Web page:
Wangari Maathai, our Mother Nature: A life spent defending nature to better help humans
Her life journey is exemplary, her determination to act for the preservation of the environment is comparable to her humility.
Wangari Maathai is one of those people that life so rarely presents us with. Yes, life seems short on those who, like Wangari Maathai, will deploy an unlimited energy and the advocacy of global concern.
Born in Kenya in 1940, she became very early aware of the benefits of safeguarding plant species in order to provide an additional opportunity for our ecosystem to support the delicate yet essential balance between human being and environment. The task is as rough as it is enormous, especially because the promises of results will only reveal themselves clearly and primarily in the long term.
In 1977, she founded the Green Belt Movement, which will achieve the planting of more than ten million trees on the African continent to help people affected by the impoverishment of the soil and the need for wood.
Trying to convincing her fellows and build support for her ecological cause, like all pioneers, Wangari Maathai meets with skepticism, resistance and other forms of adversity. Has she fed on all these obstacles? It is highly likely.
Her life provides ample material to fight, to engage: the first woman PhD student in Kenya, a former academic, Deputy Minister of the Environment and even candidate for presidency in 1997 Kenya.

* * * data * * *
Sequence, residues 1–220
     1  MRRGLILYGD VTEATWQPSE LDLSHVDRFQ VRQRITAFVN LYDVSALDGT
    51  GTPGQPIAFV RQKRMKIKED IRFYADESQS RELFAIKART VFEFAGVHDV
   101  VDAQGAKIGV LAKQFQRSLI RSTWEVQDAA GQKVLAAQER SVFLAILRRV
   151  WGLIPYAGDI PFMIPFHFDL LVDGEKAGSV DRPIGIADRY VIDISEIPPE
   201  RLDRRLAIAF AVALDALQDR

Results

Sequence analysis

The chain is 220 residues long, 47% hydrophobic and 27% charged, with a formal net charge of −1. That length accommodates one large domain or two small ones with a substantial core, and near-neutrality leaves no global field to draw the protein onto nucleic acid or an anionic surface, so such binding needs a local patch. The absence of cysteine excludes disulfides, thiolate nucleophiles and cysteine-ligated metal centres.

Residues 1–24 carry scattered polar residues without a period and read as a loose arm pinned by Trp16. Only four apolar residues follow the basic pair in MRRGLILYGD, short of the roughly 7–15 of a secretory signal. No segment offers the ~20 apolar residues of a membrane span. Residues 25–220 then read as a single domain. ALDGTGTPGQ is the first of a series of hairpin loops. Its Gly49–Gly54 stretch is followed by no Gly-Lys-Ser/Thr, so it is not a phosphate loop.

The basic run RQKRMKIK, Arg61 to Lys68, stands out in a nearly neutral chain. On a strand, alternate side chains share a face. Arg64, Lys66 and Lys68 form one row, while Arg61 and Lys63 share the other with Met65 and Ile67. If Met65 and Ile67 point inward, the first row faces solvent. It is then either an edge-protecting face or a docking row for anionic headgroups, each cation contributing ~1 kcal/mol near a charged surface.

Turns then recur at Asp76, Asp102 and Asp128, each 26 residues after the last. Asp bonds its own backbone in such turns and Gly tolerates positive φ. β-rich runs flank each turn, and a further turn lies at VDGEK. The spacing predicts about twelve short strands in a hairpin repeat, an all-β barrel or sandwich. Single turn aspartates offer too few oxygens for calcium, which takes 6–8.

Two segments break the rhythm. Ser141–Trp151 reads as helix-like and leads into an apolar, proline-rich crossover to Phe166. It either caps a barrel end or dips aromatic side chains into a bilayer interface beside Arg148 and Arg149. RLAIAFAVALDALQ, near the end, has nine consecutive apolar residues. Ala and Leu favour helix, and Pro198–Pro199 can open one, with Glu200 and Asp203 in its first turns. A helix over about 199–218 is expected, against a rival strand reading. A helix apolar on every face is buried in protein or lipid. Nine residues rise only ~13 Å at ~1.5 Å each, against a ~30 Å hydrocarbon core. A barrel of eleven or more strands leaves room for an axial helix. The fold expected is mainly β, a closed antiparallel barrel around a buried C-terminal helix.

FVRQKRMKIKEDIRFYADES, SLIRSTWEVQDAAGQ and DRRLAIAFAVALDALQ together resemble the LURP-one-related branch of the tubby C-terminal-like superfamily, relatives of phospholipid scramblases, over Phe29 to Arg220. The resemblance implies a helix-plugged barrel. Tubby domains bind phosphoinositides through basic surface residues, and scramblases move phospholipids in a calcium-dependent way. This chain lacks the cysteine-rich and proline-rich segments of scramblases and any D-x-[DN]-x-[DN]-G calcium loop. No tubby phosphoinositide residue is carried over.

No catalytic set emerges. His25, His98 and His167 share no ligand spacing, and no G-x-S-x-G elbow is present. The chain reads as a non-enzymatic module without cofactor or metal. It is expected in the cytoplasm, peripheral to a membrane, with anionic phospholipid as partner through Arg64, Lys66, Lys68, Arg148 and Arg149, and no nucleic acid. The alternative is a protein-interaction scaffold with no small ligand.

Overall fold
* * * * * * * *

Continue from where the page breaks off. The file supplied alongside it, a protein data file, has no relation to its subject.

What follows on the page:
“In A Few Decades, The Relationship Between the environment, resources and conflict May SEEM Almost as Obvious as the connection we see today Between human rights, democracy and peace”, she said, as to summarise the essence and the main clue of her struggle.
The resounding echo of her work properly throughout the world, Wangari Maathai was awarded the Nobel Peace Prize in 2004. Her last fight led her to participate in the Green Noah’s Ark of the Arctic and more recently to mobilise for the vegetable riches of the Congo Basin.
Woman of heart and courage Wangari Maathai passed away on September 26th, 2011.
For our planet, we must hope that her ecological cause continues to mobilise more followers.
Original photo by Patrick Wallet. Written by Weyah Angis. Translation from French to English by Mateo Mundo.